Maximum Conversion Scenario
In a situation where feed availability is fixed, it is desirable to maximize conversion subject to the wet gas and air constraints. Table 4 shows results for this scenario. If the base catalyst is used, addition rates increase from 5 to 12 T/D. Alternatively, the reaction temperature can be increased to 1020 F while maintaining catalyst additions at 5 TPD. The conversion in this case is much lower, due to the stronger wet gas response to temperature. A combined case is also shown, which may be considered a reasonable compromise. Finally, the high activity catalyst case is shown, which allows a much higher conversion at the base reactor temperature without increasing addition rates. The higher activity catalyst would be more expensive on a $/ton basis than the base catalyst, but overall catalyst cost would be lower since the lower addition rates could be maintained.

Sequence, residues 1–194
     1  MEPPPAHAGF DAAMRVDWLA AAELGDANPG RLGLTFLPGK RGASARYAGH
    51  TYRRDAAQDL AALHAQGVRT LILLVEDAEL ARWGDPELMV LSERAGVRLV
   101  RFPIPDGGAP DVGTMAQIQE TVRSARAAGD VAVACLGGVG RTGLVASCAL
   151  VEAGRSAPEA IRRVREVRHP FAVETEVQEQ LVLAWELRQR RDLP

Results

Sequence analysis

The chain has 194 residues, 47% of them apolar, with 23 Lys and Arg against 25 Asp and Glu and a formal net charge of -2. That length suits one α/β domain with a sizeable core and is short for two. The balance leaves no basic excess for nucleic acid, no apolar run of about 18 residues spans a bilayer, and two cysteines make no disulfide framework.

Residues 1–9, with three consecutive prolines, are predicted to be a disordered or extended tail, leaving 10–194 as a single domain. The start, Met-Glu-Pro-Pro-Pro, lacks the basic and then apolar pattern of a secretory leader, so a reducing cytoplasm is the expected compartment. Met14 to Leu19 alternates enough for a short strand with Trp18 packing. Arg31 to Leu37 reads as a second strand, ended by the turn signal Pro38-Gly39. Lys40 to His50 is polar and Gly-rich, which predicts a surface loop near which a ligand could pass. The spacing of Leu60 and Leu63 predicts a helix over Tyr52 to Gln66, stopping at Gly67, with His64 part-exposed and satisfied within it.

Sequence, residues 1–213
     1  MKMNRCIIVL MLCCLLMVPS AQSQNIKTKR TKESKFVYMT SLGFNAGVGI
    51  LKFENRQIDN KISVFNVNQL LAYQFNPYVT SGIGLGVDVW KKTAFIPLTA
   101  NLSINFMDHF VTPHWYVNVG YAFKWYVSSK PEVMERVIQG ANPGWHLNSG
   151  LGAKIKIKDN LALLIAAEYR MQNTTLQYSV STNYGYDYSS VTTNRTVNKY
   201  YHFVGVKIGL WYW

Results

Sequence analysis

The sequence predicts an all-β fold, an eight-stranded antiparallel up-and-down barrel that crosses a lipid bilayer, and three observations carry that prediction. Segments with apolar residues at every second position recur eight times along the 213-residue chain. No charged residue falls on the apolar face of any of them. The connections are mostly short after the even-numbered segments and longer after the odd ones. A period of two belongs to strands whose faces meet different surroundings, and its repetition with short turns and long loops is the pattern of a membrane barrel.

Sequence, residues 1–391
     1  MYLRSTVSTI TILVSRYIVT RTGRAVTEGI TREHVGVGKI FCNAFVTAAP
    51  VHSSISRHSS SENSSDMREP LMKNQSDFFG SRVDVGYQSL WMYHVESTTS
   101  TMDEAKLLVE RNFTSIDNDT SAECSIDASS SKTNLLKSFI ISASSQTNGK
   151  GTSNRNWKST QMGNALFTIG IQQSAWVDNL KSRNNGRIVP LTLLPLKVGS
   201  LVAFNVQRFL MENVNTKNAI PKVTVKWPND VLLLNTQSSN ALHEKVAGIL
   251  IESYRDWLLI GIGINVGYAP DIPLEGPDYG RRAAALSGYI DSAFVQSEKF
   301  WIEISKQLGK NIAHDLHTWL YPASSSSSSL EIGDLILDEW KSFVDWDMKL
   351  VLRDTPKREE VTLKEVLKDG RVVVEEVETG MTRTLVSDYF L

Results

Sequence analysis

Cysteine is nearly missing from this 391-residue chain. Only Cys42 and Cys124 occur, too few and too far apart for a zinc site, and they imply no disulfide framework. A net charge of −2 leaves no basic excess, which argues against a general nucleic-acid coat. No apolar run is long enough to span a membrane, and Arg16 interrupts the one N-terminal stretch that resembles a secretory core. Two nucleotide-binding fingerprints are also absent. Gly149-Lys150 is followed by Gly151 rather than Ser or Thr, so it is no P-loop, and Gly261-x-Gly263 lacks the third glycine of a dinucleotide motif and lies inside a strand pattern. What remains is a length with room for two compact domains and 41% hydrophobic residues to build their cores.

Figure 1 shows the results for these cases graphically. The highest conversion is obtained for the high catalyst addition case, with the response for the high activity catalyst close behind. High reactor temperature is the least effective way to maximize conversion. While the results improve for the high temperature case if there is no circulation constraint, it is still not as effective as the catalyst change.
Increased Feedrate Scenarios
Another common scenario is that more feed of similar quality may be available, and it is desirable to increase feedrate up to the unit constraints, but without losing conversion relative to the original base case. Table 5 shows results for increasing feedrate by 10 %. The high activity catalyst is again compared with a combination of increased temperature and catalyst makeup for the base catalyst. A higher conversion and more favorable selectivity pattern is indicated for the high activity catalyst. Figure 2 shows that, as feedrate is increased, a higher conversion can be achieved at the wet gas limit for the high activity catalyst. Conversely, for a given conversion target, a higher incremental feedrate can be achieved with the high activity catalyst.